After 40 years, commuters may well experience traffic congestion easing up in Melbourne with the scheduled opening of the Peninsula Link on Friday.
Initially thought to open on Jan 28, Australia Day, the 27-kilometre Peninsula Link freeway will connect the EastLink in Carrum Downs and the Mornington Peninsula Freeway at Mt Martha. It will be accessible to commuters between 4 a.m. and 6 a.m. on Thursday, and then becomes fully operational by the peak hours of Friday morning.
The presence and eventual implementation and operation of the $759-million Peninsula Link will lessen by 17 minutes the travel time Mount Martha and Carrum Downs, and will save up to 40 minutes during peak times, Premier Ted Baillieu said on Wednesday.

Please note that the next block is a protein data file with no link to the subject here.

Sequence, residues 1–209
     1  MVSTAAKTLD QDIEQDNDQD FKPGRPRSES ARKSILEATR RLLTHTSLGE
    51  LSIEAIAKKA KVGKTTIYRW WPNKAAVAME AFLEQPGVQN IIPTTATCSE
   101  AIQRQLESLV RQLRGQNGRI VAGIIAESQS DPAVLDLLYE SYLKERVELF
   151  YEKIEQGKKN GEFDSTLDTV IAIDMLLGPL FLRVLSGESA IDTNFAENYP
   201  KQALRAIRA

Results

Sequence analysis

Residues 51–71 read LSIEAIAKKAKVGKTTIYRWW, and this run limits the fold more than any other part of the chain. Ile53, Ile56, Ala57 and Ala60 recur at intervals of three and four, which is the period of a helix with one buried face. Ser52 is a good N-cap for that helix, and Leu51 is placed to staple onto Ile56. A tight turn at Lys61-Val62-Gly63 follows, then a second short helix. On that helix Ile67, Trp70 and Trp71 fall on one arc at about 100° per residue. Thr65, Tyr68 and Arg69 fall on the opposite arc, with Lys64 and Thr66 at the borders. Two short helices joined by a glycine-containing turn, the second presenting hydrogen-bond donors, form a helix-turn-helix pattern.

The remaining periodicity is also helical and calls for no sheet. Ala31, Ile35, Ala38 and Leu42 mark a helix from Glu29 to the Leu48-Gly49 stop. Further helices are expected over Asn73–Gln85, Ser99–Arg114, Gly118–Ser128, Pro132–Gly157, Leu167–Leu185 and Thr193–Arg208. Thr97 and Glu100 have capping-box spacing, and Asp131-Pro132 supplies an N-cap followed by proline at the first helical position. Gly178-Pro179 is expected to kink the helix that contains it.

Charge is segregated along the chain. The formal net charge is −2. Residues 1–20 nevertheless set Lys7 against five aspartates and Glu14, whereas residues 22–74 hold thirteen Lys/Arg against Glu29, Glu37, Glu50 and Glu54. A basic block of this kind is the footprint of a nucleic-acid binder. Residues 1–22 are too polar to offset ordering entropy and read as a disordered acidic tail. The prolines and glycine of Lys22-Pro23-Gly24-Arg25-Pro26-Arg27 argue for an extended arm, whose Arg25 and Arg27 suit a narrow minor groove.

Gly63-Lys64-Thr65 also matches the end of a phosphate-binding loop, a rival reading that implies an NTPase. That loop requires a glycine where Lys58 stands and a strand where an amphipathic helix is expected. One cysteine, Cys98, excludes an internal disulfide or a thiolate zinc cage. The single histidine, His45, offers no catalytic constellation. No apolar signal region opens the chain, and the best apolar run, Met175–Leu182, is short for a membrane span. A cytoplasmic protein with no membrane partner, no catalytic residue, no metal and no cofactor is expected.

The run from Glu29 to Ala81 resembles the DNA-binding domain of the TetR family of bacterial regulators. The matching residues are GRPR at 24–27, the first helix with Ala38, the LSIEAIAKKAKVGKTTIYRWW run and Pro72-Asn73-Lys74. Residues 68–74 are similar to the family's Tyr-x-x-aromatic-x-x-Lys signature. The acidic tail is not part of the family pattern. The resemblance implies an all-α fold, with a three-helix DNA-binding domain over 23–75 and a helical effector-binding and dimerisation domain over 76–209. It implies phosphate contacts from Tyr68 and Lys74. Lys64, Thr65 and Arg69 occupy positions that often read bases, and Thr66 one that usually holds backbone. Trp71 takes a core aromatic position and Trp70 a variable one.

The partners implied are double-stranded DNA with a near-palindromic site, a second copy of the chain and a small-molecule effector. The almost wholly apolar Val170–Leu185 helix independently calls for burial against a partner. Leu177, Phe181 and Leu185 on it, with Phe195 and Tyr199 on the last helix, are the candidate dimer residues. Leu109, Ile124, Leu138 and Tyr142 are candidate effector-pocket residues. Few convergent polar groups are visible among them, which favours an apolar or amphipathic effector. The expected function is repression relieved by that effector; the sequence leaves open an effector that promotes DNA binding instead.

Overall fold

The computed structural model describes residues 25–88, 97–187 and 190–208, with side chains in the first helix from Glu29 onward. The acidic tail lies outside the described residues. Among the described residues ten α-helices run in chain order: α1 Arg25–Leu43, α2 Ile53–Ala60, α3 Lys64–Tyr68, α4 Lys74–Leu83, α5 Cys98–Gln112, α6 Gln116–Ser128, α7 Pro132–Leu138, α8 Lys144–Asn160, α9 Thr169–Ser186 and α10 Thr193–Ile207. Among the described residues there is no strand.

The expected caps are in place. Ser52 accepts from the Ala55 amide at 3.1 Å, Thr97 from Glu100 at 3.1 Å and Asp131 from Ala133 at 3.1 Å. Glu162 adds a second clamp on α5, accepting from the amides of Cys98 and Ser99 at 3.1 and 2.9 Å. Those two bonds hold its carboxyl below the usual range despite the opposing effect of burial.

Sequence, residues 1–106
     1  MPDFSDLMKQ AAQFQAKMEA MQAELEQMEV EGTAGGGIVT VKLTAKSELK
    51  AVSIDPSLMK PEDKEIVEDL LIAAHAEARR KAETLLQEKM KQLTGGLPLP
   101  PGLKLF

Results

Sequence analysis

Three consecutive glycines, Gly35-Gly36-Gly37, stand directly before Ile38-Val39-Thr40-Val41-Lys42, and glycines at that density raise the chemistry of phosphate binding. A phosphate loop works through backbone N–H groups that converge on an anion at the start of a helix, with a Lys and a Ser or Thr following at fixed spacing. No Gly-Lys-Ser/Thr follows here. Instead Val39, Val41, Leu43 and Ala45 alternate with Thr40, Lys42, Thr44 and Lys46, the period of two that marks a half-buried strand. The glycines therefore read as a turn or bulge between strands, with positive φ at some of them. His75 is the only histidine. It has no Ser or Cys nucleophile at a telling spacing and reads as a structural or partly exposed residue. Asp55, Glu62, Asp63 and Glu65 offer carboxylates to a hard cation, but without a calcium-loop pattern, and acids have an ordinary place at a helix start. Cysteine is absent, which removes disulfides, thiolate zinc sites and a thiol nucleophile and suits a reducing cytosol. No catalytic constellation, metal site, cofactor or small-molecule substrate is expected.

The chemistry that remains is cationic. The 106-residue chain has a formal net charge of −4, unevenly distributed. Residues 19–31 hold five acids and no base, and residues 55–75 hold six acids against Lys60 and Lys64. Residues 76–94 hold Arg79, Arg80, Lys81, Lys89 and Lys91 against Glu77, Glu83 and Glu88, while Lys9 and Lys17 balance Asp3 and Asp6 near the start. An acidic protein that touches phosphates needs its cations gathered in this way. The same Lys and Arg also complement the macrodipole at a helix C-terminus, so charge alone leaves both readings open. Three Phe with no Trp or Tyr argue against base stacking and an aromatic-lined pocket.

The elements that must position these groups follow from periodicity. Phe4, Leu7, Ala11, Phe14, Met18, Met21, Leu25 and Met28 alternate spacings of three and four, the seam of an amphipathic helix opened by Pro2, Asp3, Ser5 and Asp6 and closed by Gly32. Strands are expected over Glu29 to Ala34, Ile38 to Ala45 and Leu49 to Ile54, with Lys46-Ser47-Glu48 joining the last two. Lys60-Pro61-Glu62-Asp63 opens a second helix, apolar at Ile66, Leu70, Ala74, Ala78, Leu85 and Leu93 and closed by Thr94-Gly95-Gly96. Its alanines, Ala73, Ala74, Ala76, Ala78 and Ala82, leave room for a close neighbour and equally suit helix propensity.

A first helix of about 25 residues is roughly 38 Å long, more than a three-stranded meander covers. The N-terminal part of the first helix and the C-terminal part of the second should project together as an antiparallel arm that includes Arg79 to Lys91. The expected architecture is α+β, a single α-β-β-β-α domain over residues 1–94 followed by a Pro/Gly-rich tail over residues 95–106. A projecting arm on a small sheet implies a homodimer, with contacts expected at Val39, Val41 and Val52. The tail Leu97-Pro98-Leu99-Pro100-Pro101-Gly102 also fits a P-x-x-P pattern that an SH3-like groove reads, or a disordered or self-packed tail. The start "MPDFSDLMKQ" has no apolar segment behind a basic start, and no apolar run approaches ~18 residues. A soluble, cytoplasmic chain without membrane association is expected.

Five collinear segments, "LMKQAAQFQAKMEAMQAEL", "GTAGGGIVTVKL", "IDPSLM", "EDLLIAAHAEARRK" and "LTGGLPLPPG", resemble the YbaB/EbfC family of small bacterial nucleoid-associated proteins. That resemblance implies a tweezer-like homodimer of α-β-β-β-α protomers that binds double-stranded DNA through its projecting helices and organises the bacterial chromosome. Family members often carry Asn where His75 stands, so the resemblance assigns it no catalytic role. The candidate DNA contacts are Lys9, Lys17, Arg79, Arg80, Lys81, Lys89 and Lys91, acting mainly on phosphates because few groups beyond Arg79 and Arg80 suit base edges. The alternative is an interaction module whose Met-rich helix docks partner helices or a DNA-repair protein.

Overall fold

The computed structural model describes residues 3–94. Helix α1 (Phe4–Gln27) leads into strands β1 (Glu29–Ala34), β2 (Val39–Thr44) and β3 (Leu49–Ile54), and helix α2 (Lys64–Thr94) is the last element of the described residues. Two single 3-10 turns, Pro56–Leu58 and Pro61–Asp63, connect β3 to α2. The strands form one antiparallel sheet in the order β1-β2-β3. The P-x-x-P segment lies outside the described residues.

"Peninsula Link will give people the choice to bypass the nine sets of traffic lights and six major roundabouts that exist on the current route," Mr Baillieu said.
"A lot has changed on the peninsula over this time, with record population growth. Melbourne's newest freeway will assist these communities to spend less time in traffic and more time with family and friends," he added.
Terry Mulder, roads minister, at the same time announced that 70 per cent of the 25 kilometre bicycle and walking path along the link will likewise be opened on Friday, while the other sections will open in the coming months.
Sen-Constable Rob Hardy from the Hastings Highway Traffic Patrol said the length of the freeway will be monitored by six speed cameras and the freeway itself will be under constant 24-hour surveillance.
The 27 kilometre road has been under construction since 2010.
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